What should we focus upon?

Clearly it would be to focus on our lifestyle choices and choosing the people we interact with carefully and mindfully. As mentioned earlier, there is a direct correlation to our well-being between a balanced mindset and actions to the quality of associations. The associations with people who uplift and inspire us to rise above will enhance our well-being in the long run.


Our āhāra (consumption patterns) and vihāra (associations) have a direct bearing on our thought-processes and quality of mind. These govern our world-view. Our ideals, values, beliefs are largely determined on what we choose with respect to our intakes and associations. Enough examples exist in our own experiences, current world-happenings, in history or mythology supporting this — a bandit becoming a sage, a militant mercenary following the path of peace, a dishonest industrialist turning philanthropist, an inventor of an atom bomb working to forge world peace!

“It’s all in the mind you know (4)” is a common saying.

The well-spring of our well-being begins and ends in the mind. When the mind is directed by a higher aligned intellect, it remains an instrument that is deployed for our well-being. Disturbances are caused when the mind is allowed to take over and direct our thoughts and actions. Reining in the mind, such that we have the ability to deploy our discretion and discriminatory powers, is an important element that helps in our overall experience of well-being.

We have all experienced that when the mind is still, calm, channelled, we experience peace, harmony, satisfaction. This is true both in an individual personal or collective experience. The moment it gets caught in the dualities of like-dislike, joy-sorrow, pleasure-pain, we have allowed our mind to control us, thus moving into a state of imbalance.

The best example of this is when we see the outstanding performance of a sportsperson, a musician or a dancer. When they are completely in the here and now, with no anxieties of the future or regrets and fears from the past, they operate from their highest potential and in a complete state of flow. As spectators, we wonder at the absolute connect between their thought, feelings and action — their perfection, excellence, effortlessness and seamlessness and their sense of joy at being fully in the moment!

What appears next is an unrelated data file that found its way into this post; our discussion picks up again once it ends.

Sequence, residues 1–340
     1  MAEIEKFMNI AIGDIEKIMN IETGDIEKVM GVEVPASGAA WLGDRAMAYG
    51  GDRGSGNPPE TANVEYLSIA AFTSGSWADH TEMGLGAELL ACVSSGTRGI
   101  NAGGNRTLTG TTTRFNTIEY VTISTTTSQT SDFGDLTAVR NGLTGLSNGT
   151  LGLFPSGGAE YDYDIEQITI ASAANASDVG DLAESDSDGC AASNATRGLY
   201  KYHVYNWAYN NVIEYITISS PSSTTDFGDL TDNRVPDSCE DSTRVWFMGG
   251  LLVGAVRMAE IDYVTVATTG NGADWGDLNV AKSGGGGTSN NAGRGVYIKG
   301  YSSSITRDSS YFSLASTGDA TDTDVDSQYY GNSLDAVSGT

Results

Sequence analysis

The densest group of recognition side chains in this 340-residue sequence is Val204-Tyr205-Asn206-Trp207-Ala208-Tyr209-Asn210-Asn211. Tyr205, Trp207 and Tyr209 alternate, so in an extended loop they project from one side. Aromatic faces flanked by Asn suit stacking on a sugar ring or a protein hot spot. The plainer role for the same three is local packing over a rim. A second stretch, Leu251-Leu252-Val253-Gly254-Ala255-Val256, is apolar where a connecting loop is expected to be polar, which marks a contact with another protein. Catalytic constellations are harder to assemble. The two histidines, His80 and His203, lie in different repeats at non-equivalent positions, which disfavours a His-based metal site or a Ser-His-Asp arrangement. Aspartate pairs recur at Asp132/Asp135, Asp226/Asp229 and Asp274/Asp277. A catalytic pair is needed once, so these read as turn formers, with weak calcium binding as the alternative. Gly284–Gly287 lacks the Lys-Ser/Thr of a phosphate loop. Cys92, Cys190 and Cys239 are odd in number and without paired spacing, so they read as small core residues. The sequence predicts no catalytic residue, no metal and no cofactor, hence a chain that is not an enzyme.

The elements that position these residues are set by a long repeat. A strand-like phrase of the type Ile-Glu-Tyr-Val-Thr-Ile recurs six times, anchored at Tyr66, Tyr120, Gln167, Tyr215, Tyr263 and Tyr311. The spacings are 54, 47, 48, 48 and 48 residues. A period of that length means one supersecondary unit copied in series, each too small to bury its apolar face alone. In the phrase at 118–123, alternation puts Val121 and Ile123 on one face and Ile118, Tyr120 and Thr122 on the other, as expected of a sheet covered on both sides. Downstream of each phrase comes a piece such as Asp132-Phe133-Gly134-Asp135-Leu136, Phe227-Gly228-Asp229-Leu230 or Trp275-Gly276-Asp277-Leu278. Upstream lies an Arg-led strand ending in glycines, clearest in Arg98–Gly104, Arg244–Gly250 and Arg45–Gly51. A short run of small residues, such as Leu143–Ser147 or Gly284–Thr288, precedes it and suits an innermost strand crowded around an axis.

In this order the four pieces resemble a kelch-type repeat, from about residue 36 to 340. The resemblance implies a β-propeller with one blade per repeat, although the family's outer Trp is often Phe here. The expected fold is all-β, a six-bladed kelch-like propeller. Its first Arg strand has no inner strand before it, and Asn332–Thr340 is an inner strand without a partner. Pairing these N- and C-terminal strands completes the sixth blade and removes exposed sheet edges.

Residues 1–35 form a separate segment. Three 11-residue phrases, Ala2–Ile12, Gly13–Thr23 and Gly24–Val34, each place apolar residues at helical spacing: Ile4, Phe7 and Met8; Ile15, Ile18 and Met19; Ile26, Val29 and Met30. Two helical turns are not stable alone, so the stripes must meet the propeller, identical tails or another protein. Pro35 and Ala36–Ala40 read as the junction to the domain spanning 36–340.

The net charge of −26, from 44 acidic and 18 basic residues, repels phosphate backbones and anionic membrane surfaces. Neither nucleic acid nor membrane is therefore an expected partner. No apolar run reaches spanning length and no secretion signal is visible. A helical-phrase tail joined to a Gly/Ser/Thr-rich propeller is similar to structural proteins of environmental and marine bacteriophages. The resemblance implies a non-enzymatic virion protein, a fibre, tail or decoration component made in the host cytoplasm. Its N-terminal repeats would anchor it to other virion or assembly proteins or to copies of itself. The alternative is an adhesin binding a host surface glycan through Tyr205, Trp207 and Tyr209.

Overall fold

What should we focus upon?

Reining in the mind is easier said than done. However, we have all experienced these wonderful moments and pockets of bliss, joy and alignment. It is also a fact that we yearn for it and are constantly seeking it in different ways. This state of well-being is possible but requires effort. The Gītā mentions this as a tapas (austerity):

मन: प्रसाद: सौम्यत्वं मौनमात्मविनिग्रह: |
भावसंशुद्धिरित्येतत्तपो मानसमुच्यते ||17.16||

“Serenity of thought, gentleness, silence, self-control, and purity of purpose — all these are declared as the austerity of the mind.”

Śrıi Kṛṣṇa in Bhagvadgītā verses 6.5, states how important it is to befriend the mind and mindfully operate from the higher mind in us.

उद्धरेदात्मनात्मानं नात्मानमवसादयेत् |
आत्मैव ह्यात्मनो बन्धुरात्मैव रिपुरात्मन: ||6.5||

“Elevate yourself through the power of your mind, and not degrade yourself, for the mind can be the friend and also the enemy of the self.”

The mind can be considered as a garden, which can either be intelligently nurtured or allowed to run amok. The intent is the first step towards cultivating elevating thoughts which determine our state of experiencing well-being positively. Negative thoughts that perpetuate greed, envy, hatred, resentment will impact our action choices that are likely to be destructive and energy sapping. If the mind concentrates on positive thoughts such as gratitude, compassion, generosity, love, we are easily allowing ourselves to expand and experience the abundance in ourselves and others.

The Mother’s symbol of the twelve attributes — sincerity, humility, gratitude, perseverance, aspiration, receptivity, progress, courage, goodness, generosity, equality and peace — provide the direction for befriending and guiding the mind to work towards ensuring our well-being and also of all the collectives we are part of.

The current reality shows that the world has more numbers lamenting about their struggles to find peace, happiness and balance and only a handful experiencing the wellspring of well-being. That is because befriending the mind and allowing the intellect to consistently guide us requires vigilance, a strong will and consistent effort, along with heaps of faith. It requires regular contemplation, processing and a letting-go of our dysfunctional, default modus operandi patterns.


This is the domain of our expressing ourselves in the world within and outside. It represents our behaviour and actions in our everyday living and our relationship with the self and others. It is the final amalgamation of our thoughts and feelings into action. It is the sum total of what values we have imbibed, the meaning making that we have internalised through the interactions and experiences manifested in our behaviour and actions. In essence, it is the outward manifestation and expression of all that is inside of us.

The question to ask now is, as individuals are we always happy and satisfied when our immediate expectations are met? Are we selfish creatures to the core? Is the experience of joy and sense of fulfilment lasting or transient? Is our sense of well-being and balance likely to increase if the environment around us and all those closely associated with us are also in a similar state?